When I asked Sam if he’d like to collaborate on collections featuring his original artwork for our Men’s Adventure Library series, I was thrilled that he gave us the thumbs-up and full access to his personal stash of paintings.

There are so many, we’re planning to use them for several books. After studying Sam’s amazing treasure trove of paintings, we decided to start with a book showcasing his classic MAM artwork that features alluring female subjects.


Images of beautiful women were common in MAMs, Pollen was particularly adept at painting scenes that feature beautiful women—and he did scores of them for Goodman’s Atlas/Diamond magazines.

Pollen’s women are not the kind of damsels in distress that are common in artwork done for early pulp magazines and the “sweat mag” subgenre of MAMs.

Pollen’s women are often powerful or dangerous or both. Some are temptresses or femme fatales, seeking to lure a man into doing their bidding. Others are warriors, fighting alongside (or against) the male characters in the scene.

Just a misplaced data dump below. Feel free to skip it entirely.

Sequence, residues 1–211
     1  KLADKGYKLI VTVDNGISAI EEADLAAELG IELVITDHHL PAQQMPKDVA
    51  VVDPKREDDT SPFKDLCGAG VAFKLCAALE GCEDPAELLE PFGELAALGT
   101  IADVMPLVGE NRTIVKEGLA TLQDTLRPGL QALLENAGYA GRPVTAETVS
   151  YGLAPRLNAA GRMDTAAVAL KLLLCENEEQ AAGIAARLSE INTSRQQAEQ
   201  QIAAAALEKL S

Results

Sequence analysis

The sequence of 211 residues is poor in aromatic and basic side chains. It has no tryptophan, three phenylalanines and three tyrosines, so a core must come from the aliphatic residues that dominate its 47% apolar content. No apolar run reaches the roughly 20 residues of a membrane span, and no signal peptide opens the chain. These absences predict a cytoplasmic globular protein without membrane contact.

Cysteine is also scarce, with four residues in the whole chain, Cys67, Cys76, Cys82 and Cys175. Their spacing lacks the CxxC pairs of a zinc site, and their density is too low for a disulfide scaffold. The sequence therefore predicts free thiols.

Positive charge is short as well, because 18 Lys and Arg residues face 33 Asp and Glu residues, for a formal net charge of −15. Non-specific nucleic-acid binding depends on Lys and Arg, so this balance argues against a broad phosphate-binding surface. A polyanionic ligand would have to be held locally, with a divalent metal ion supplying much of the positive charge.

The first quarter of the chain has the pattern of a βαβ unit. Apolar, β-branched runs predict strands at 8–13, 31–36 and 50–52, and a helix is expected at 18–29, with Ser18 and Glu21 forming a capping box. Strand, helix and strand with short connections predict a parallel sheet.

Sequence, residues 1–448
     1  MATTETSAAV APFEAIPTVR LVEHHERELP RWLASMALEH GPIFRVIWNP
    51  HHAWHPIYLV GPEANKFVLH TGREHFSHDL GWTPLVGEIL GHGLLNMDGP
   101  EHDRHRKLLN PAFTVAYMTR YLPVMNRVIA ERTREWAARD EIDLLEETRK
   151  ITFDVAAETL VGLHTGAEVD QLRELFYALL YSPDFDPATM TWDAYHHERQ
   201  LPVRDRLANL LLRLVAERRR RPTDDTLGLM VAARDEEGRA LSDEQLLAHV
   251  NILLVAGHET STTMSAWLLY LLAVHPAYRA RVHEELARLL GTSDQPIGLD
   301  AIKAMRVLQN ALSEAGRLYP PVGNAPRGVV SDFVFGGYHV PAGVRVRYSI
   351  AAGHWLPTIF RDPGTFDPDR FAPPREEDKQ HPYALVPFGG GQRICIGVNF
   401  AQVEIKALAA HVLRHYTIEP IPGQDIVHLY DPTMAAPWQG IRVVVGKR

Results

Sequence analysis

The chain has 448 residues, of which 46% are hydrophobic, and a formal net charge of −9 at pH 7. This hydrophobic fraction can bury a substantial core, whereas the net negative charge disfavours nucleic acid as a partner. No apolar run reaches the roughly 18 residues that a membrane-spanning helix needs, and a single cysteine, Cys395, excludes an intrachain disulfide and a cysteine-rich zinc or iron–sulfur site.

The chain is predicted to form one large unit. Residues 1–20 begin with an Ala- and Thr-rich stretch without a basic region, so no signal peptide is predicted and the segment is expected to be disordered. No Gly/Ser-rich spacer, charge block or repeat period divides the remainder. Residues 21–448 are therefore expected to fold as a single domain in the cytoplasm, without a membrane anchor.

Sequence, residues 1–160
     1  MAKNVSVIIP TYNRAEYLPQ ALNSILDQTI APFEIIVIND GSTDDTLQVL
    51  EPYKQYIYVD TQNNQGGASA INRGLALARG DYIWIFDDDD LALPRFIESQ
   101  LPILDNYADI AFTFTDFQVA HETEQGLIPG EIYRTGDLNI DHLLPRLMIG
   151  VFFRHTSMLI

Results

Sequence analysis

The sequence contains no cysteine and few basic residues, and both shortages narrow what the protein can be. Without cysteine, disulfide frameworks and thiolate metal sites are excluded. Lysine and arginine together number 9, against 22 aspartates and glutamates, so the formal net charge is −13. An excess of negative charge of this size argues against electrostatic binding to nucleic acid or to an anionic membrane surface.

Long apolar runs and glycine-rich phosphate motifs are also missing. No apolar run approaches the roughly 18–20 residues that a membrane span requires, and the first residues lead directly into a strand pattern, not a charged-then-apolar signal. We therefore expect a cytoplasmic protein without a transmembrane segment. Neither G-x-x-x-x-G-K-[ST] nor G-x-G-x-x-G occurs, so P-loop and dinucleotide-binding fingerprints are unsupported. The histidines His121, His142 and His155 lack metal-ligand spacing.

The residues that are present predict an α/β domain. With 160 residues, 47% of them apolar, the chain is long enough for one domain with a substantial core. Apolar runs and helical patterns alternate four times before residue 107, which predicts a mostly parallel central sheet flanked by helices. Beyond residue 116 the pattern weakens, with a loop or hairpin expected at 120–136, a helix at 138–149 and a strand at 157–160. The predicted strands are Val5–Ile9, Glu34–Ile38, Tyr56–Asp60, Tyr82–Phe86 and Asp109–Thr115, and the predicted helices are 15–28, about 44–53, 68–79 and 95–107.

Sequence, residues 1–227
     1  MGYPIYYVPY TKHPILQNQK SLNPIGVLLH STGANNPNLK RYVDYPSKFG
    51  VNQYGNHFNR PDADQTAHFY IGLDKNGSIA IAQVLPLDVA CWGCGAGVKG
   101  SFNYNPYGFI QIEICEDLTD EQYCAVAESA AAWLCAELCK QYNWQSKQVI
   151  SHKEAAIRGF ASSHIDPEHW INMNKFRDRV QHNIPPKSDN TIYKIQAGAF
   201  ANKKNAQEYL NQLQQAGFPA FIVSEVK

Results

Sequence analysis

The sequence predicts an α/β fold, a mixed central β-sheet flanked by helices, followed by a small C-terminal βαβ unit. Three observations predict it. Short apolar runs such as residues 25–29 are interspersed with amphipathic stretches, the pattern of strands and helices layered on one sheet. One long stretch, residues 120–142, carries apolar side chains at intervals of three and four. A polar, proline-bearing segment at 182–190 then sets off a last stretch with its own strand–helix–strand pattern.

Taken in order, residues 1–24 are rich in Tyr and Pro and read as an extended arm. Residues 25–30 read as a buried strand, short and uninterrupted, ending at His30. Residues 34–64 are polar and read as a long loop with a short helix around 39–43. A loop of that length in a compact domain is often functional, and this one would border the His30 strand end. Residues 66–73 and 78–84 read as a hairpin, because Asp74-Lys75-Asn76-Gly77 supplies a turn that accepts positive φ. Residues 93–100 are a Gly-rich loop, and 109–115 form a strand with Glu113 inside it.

Naturally, given the era, the women in some Pollen illustrations are relegated to being helpmates to the male protagonists. Some are simply unashamedly sexually aggressive.


But, while MAMs are of their time and thus not particularly evolved in terms of perspectives on gender roles or sexuality (despite occasional unexpectedly advanced thinking in those areas), Pollen’s women are almost never helpless victims.

They also contradict the widespread misperception that MAM illustrations typically show women being abused.

In fact, “bondage and torture” style stories and artwork were only prevalent in the “sweat mag” subgenre, which account for less than a third of the more than 160 different MAM titles that were published—and even less of the total readership.

The Atlas/Diamond group Samson Pollen worked for (and most other mid- and top-tier MAMs) didn’t feature such stuff.


Another revelation comes from being able to see Pollen’s original MAM paintings. They are far more lush and painterly than you can tell from seeing them in magazine spreads, surrounded by headlines, subheads and text, and printed on medium- to low-quality paper.